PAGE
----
Tradescantia Fluminensis is a less common tradescantia varietal with beautiful pink pastel and green coloration. It tends to be a vigorous grower in both water and soil, making it a fun plant to grow. We love them because they are so easy to propagate and grow in water! The Fluminensis varietal has a thicker stock than the common Zubrina varietals, growing with less of the chaotic growth structure tradescantia are known for.
Native to South America and the Carribean
Common names include zebrina pendula (botanical name), inch plant, spiderwort, and tradescantia pendula.
Tradescantia come in a number of colors and varieties, ranging from white and green, pastel pink, and various shades of purple. A few of those includeTradescantia fluminensis, Tradescantia blossfeldiana, Tradescantia sillamontana, Tradescantia spathacea, Tradescantia virginiana, Tradescantia longipes, Tradescantia mollipila, Tradescantia pallida (“Purple Heart”), and Tradescantia Callisia.
Can be mildly toxic to pets and humans if consumed.
For healthy plants, we recommend that you add water to the glass every 1 - 2 weeks (or if you see that water levels have lowered) to replenish the water that evaporated or absorbed from the plants. Then, replace the water every 2-4 weeks.
Most tap water works great but distilled or filtered waters are recommended if available.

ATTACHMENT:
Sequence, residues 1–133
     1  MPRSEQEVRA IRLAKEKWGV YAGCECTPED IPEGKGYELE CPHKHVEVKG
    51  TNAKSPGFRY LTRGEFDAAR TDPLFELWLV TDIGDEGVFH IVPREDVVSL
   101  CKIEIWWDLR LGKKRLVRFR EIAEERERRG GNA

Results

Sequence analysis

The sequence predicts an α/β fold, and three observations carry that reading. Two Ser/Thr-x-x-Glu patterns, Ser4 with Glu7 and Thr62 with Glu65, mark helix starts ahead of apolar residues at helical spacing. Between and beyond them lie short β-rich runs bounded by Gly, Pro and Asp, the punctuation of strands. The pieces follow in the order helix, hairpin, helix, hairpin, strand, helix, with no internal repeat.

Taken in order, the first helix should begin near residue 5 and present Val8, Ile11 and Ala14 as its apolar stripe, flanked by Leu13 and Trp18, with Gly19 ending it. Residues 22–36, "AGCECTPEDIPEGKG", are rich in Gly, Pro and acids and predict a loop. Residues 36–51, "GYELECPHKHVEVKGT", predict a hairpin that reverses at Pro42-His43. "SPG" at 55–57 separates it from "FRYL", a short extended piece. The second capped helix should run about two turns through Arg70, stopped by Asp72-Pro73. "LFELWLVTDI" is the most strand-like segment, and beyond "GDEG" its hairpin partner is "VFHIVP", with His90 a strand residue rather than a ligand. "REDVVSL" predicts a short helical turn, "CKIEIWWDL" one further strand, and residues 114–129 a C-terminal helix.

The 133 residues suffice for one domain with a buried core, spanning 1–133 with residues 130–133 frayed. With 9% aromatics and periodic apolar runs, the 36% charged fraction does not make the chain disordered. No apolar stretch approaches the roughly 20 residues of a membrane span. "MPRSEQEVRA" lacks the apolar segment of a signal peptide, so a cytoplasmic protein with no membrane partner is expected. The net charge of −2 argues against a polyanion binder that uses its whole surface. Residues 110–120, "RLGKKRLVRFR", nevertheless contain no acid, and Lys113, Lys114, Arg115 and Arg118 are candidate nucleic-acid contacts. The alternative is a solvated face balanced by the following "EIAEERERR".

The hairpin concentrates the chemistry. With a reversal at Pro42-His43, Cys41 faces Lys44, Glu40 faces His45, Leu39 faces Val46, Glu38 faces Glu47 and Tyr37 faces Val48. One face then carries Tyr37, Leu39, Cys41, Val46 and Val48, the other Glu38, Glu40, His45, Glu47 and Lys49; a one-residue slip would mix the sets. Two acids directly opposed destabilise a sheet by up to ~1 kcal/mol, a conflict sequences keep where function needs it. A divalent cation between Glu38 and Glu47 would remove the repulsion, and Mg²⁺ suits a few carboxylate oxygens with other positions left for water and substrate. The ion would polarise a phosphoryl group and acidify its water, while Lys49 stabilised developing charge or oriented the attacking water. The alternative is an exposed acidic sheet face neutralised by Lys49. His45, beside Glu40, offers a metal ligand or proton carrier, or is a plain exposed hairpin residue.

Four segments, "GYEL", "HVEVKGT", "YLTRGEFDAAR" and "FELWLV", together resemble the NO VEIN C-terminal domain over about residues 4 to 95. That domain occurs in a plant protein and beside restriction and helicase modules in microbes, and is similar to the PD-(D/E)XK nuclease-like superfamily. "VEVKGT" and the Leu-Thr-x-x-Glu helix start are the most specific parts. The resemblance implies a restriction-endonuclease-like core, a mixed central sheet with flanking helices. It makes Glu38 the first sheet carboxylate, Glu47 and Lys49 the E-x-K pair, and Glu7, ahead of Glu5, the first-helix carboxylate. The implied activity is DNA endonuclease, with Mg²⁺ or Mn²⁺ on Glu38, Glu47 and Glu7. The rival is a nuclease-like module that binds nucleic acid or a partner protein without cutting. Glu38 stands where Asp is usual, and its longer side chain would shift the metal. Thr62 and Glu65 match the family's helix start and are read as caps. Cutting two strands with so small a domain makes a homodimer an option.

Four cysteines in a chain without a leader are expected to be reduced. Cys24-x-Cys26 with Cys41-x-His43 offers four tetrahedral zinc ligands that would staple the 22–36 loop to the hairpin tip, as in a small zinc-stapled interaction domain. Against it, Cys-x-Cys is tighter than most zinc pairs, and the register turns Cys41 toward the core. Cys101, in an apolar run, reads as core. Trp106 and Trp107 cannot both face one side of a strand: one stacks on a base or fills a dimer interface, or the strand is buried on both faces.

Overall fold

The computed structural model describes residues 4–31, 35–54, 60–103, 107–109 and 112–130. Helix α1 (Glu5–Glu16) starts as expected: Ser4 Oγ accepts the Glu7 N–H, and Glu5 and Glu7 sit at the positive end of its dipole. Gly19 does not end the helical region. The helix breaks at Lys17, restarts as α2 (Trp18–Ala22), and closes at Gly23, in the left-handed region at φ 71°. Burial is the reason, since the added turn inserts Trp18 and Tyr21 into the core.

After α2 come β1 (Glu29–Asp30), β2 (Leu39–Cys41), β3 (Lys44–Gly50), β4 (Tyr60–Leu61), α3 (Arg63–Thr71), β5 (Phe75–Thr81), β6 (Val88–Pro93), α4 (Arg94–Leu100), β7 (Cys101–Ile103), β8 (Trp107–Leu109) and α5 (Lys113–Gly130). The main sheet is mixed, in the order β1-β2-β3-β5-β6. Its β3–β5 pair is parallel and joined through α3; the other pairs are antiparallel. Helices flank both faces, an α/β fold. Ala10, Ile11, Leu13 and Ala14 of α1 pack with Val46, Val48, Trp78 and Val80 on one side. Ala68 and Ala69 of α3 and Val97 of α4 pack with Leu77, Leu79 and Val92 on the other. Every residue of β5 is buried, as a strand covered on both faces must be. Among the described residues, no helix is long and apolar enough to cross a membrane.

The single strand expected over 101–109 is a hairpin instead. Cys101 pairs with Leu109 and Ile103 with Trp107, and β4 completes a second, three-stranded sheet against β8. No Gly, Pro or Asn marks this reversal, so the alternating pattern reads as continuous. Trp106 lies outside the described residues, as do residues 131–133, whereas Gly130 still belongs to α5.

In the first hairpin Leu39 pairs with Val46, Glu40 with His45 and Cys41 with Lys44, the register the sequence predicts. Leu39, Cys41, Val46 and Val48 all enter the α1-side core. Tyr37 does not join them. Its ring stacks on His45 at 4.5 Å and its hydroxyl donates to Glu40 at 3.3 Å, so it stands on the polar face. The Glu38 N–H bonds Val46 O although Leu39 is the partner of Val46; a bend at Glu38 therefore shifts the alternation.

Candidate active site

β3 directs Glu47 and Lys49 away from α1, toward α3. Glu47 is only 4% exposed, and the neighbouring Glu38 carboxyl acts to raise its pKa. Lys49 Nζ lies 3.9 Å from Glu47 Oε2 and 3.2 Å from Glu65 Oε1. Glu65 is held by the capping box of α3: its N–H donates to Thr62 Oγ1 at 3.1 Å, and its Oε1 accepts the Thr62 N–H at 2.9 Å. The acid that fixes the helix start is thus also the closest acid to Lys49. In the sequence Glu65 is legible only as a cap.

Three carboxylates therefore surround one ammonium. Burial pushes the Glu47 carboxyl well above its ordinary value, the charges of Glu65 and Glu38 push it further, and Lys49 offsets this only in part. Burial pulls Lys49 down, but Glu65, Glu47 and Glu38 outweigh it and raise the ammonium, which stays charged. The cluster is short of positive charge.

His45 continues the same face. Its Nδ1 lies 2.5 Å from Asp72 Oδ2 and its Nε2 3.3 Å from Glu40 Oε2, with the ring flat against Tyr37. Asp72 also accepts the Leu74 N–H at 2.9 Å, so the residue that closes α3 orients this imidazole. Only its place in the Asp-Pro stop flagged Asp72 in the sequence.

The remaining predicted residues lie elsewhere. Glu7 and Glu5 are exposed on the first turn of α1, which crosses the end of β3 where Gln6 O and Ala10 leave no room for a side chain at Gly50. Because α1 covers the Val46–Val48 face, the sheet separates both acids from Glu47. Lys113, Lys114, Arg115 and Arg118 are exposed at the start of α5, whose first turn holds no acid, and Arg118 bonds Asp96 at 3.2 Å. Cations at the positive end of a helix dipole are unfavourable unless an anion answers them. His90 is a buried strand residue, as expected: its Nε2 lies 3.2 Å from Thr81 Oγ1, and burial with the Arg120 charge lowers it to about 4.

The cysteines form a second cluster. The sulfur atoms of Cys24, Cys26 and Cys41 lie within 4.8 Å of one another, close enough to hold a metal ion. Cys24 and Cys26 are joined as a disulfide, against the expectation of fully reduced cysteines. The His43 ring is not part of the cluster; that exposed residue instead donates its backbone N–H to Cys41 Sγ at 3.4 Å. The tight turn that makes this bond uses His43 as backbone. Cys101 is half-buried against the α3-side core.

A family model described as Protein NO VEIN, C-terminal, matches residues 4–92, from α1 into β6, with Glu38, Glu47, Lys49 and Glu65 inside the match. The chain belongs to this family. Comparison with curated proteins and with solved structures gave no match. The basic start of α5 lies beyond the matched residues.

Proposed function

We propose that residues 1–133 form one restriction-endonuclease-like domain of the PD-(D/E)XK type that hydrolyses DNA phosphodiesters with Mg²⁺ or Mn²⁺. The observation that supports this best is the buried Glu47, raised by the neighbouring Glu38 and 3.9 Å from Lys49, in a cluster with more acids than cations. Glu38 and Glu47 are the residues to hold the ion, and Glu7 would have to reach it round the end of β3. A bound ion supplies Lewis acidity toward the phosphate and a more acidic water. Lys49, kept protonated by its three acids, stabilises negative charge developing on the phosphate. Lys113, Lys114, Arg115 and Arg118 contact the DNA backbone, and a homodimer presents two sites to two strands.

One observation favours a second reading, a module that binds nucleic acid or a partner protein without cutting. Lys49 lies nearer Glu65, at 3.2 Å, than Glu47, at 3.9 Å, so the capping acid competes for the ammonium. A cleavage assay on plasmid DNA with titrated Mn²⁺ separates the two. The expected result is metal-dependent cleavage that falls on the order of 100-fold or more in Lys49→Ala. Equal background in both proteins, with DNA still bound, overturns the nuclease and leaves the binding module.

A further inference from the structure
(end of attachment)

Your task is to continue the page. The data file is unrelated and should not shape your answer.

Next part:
Tradescantia prefers bright, indirect light but grows well in partial direct light as well. In lower light settings, expect your tradescantia to be a bit more leggy as the plant stretches for brighter light.
On the other hand, Tradescantia one of the few that thrive in direct sunlight! The more sun it gets, the more the color starts to pop
Ideal temperatures are between 65 and 85 degrees but will continue to grow in somewhat warmer temperatures as well.
Tradescantia has no special humidity requirements.
Tradescantia tend to be an easy plant to propagate in water. Simply submerge a node in water with at least 3 leaves above it, and then place it in a warm space with good indirect sunlight. Nodes can easily be identified by finding any point at which a leaf is growing. Simply remove the leaves and your node is ready to grow roots.
See the video above for a full step by step walkthrough!
Identification: A lack of colored stripes on the leaves and/or dulling of color
Cause: Not enough Light
How to treat:Try moving your plant around a bit. Generally closer to windows is a good start, but also testing other walls and spaces helps.
Identification: Deep purples begin to fade in new leaf growth
Cause: Insufficient nutrients
How to treat:Track down a liquid nutrient solution that you can add to your water and begin adding drops once or twice a month
Identification: Dead or browning leaves
Cause: If the leaves are older (closer to the roots), this may be natural and part of the natural plant growth. Newer leaves growing in brown is likely a lack of oxygen in the water. Additionally, leaves which end up submerged in water will turn brown.
How to treat: For all of the scenarios above, removing the dying leaves is the first step. Then, if the issue is a lack of oxygen in the water, simply replace the water for the plant and then continue on a 2 week to monthly water replacement schedule.